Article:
This atmosphere is much different than that of the Earth’s. Saturn orbits the sun with a period of 29.4577 tropical years. It is 1.427 billion Km away from the sun and is therefore a cold planet. It has an equatorial diameter of 120,660 Km which Planets 7 makes it the second largest planet in our solar system. The next planet is Uranus.
The main problem scientists have with Uranus is that, the lack of visible surface features means that it is difficult to measure the rotation period of Uranus (Hunt/Moore, 388, 1983). Uranus has an equatorial diameter of 51,000 Km which is almost four times as much as Earth. The atmosphere is mostly methane gas and therefore the planet has a red tint or a blueish green color. Uranus also has rings but unlike Saturn these rings have almost no small particles. Scientists are not as concerned with this planet.
Neptune is the last of the gaseous planets in our solar system. Its atmosphere is much like Uranus’s because it is mostly helium and hydrogen. It also contains methane. Neptune has a diameter of 49,500 Km and a mass 17.22 times that of the Earth. It has an average density of 1.67 /cm^3 (Grolier, 1992).
Neptune also has rings like its other gaseous partners, but they are very faint. Not a great deal is known about Neptune. It is widely studied by scientists and that makes it an important planet. The final planet, which is also the smallest, and the furthest away from the sun is Pluto. This planet is very hard to see therefore not a lot is known about its physical characteristics.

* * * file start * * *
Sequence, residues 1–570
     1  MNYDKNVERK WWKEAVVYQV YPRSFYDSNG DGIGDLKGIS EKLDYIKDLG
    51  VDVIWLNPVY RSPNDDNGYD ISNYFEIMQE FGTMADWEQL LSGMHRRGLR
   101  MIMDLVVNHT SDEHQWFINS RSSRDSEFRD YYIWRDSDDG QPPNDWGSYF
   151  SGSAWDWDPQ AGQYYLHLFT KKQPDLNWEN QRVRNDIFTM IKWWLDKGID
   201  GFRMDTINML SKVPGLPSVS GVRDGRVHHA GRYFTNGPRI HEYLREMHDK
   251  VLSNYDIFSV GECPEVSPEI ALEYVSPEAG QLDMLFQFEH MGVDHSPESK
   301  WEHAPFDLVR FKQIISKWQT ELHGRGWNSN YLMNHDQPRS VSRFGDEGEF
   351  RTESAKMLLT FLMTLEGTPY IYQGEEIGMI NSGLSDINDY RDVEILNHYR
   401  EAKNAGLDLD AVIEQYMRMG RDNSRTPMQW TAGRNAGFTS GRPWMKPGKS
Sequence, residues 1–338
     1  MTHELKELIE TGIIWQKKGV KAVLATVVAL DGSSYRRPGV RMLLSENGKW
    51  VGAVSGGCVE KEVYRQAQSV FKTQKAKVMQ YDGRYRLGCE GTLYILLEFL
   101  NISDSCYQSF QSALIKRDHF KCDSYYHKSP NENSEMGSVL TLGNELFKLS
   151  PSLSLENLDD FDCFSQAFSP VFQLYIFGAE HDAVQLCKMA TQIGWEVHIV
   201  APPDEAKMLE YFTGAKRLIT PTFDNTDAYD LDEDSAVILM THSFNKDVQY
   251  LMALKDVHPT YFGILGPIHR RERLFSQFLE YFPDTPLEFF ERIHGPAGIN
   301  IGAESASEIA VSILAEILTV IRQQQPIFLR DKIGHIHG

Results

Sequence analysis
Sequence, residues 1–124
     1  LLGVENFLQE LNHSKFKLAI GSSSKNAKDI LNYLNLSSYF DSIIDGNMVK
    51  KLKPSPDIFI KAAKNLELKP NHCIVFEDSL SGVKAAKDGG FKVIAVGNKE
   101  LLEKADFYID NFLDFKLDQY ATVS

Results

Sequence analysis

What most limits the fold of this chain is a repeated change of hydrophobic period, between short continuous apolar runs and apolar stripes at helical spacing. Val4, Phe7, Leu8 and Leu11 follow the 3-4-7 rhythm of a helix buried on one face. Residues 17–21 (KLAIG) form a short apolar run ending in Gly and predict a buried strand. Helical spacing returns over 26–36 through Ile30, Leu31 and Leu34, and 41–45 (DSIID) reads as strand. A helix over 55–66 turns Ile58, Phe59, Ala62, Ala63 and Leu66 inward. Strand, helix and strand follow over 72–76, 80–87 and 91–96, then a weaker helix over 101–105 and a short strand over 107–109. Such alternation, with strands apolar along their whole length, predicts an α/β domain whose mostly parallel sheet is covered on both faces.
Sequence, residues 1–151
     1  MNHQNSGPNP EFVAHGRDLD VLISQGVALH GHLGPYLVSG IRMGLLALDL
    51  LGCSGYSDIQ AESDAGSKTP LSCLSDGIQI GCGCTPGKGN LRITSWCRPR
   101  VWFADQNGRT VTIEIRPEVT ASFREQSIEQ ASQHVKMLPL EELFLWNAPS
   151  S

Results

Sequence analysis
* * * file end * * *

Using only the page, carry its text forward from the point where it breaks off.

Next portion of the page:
Scientists do know that it has a thin methane atmosphere. Little is known about this planet because it is so far away from the Earth and the sun. Scientists are always learning new things and more data will arise in the future. Planets 8 As one can see the planets of most importance are the ones closest to the sun and Earth. Little is known about the far off planets therefore it is hard to give them full recognition. Much is known about Mercury, Venus, Earth, Mars, Jupiter and Saturn.
The other three planets are not as well known as these six are. Whether more planetary systems exist doesn’t really matter. There are still plenty of things we don’t understand about our own solar system. Scientists will have their work cut out for them in the future. Each and every planet has distinct differences and that helps show us how truly great God is. The planets will never fully be understood and will always be a great topic of discussion. Bibliography Planets 9 Works Sited Cattermole, P. (1995). Earth and Other Planets.
New York: Oxford University Press. Grolier Electronic Publishing, Inc. (1992). Hunt, G. & Moore, P.
(1983). Atlas of the Solar System. Chicago: Rand Mc Nally & Company. Morrison, D. (1993).
Exploring Planetary Worlds. New York: Scientific American Library. Thompson, G. & Turk, J. (1993). Earth Science and the Environment.
New York: Saunders College Publishing & Harcourt Brace College Publishers.